Shellshock Bug : How to Patch bash Manually

I have a number of Linux system, including several virtual machines with various distributions running everything from test web servers to a Minecraft server for my daughter, and a Raspberry Pi that gets its SD card swapped out all the time depending on what I need it to do. While most of these systems can be automatically updated via yum or apt-get to install new versions of packages, a few are running distributions for which update packages are not readily available.

This doesn’t mean that I can’t secure them against the recently discovered Shellshock vulnerability. I just needed to compile the bash software from the source code, including the Shellshock patches, and install it. That is actually not nearly as complicated as it might sound. Here’s how to do it:

Note: As with any complex issue, you may run into different configurations or conditions. Test it in a test environment before doing it in production, etc. Please understand what you are doing before you attempt to replace your shell. While this process is fairly straightforward, we here at the Twenty Sided Blog cannot be responsible for any issues arising from following the process in this post.


Also, please note that the test command (env ‘x=() { :;}; echo vulnerable’ ‘BASH_FUNC_x()=() { :;}; echo vulnerable’ bash -c “echo test”) is a single line, though it might appear wrapped in the text below.


To begin, determine which version of bash you have on your system:

$ bash --version
GNU bash, version 3.00.15(1)-release (i686-pc-linux-gnu)
Copyright (C) 2004 Free Software Foundation, Inc.

This version of bash is vulnerable to the Shellshock exploit, which we can see when we execute the test command The first two lines here are all one command line – the text is wrapping in the code format box below – everything up to “echo test” is part of the line to test the shell:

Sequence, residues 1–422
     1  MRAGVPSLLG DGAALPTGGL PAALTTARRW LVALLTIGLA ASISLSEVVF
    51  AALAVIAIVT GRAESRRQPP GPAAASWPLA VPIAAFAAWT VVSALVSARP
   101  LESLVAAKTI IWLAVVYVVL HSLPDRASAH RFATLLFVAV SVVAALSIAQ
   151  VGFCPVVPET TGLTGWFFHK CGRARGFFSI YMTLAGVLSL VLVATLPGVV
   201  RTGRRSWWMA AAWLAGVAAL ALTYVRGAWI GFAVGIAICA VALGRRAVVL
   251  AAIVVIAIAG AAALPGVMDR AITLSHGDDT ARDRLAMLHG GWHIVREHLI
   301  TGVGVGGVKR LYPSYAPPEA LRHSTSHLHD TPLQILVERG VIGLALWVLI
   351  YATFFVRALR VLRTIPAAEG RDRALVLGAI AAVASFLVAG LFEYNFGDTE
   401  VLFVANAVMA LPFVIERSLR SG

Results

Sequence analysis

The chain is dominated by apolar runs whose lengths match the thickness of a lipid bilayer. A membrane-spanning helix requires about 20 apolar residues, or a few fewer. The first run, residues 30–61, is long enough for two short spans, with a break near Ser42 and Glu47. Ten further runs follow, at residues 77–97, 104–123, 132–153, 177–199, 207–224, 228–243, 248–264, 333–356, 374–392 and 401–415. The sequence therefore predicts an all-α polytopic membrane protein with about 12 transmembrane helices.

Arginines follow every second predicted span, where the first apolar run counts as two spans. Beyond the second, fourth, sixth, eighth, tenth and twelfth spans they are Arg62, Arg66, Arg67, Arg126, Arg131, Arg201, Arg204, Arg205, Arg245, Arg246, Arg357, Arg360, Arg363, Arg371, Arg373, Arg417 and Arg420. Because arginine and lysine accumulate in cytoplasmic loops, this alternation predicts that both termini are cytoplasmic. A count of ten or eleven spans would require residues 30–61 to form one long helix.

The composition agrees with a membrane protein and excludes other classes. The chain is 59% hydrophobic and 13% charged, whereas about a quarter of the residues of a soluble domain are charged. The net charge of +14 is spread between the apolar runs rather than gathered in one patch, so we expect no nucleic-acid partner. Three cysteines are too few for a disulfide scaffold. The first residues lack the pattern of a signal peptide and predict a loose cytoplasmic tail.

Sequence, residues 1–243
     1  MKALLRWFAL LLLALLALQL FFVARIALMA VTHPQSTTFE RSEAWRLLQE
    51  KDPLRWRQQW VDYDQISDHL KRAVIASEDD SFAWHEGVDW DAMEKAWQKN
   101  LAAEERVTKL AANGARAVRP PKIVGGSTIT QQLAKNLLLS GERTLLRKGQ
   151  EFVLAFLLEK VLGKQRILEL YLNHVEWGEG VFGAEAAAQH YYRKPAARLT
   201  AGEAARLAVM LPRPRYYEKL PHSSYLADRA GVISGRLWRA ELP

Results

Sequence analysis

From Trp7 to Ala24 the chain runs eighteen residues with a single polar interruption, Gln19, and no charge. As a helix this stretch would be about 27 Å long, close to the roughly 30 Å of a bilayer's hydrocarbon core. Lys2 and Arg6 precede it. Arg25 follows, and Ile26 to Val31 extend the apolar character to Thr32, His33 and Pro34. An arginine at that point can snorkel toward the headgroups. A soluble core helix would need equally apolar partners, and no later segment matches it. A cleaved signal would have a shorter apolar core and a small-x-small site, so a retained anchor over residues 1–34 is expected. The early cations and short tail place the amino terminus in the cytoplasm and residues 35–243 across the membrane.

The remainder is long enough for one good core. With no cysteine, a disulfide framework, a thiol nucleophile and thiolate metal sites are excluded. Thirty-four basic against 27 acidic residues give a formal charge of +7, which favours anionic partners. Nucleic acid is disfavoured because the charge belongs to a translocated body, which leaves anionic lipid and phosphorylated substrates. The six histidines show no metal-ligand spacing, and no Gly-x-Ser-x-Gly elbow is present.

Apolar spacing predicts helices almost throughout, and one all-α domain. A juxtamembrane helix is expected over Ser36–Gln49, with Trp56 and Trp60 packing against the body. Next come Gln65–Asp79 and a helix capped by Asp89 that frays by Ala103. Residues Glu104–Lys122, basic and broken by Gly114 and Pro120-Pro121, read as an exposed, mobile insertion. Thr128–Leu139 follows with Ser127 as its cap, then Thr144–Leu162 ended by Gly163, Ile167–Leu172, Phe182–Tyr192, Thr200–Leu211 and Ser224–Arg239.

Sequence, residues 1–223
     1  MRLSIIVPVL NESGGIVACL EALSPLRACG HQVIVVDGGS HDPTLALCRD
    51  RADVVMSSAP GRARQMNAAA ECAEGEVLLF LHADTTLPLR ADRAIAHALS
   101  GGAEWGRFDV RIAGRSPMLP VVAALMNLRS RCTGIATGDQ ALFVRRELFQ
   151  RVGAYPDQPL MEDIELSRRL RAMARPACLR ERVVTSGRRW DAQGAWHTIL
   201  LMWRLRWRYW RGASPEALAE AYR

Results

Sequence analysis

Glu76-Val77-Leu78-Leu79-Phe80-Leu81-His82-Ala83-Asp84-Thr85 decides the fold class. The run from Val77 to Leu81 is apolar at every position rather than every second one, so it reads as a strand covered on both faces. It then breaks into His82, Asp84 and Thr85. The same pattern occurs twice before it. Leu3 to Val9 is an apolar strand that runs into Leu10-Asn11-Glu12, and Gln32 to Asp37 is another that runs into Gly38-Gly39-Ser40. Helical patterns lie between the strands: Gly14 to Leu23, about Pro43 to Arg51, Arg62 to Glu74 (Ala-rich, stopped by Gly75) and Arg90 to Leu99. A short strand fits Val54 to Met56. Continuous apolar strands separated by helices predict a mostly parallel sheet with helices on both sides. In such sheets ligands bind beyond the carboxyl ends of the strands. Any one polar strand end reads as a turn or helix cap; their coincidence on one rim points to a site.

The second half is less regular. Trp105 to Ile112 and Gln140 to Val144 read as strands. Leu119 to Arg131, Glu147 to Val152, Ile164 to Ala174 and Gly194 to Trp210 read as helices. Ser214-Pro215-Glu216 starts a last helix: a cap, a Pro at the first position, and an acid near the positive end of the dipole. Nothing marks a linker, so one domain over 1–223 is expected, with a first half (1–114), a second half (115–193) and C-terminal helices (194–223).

$ env 'x=() { :;}; echo vulnerable' 'BASH_FUNC_x()=() { :;}; echo vulnerable' bash -c "echo test"
bash: BASH_FUNC_x(): line 0: syntax error near unexpected token `)'
bash: BASH_FUNC_x(): line 0: `BASH_FUNC_x() () { :;}; echo vulnerable'
bash: error importing function definition for `BASH_FUNC_x'

(note the “vulnerable” printed as the first line after the command).

Since we know what version of bash we are going to update, we now need to visit the bash home page to grab the source code. The actual download area for the bash source is located here : This directory will list .tar.gz files for many versions of the bash shell, and you will want to download the version that your are going to be installing and patching. In our case, that is 3.0, so we will create a folder in our user’s home directory to download it via wget:

$ cd ~
$ mkdir bash
$ cd bash
$ wget

Note that I have chosen the base 3.0 version here. There is also a “3.0.16” version that we could use as our starting point to reduce the number of patches we need to apply, but we will go ahead and do them all. Also, depending on its age, your system might have a different base version of bash (2, 3, 3.2, 4, etc). I’m simply matching what I already have and applying the latest patches, and not dealing with version upgrades at this point in time. If your version is different, substitute the version numbering in the commands below – everything else should work the same way.

Once we have the source downloaded, we need to extract it:

$ tar xvfz bash-3.0.tar.gz

This will create a “bash-3.0” folder under your current location and place the source code there. Before we visit the source code, however, we need to download the patches. Create a new folder for them under the “bash” base folder and change to that folder:

$ mkdir patches
$ cd patches

Next, we need to look at the bash FTP site again and determine what patches are available. One of the sub folders of is called “bash-3.0-patches”, and inside you can see that there are 19 patches for bash 3.0, with 17, 18, and 19 being from late September 2014 to address Shellshock. We need to download ALL of the patches, since we will need to apply all of them to the source code. Again, we can use wget to do this. (Hint: after typing the first one, just arrow up and change the patch number until you have them all)

$ wget
$ wget
$ wget
$ wget
$ wget
$ wget
$ wget
$ wget
$ wget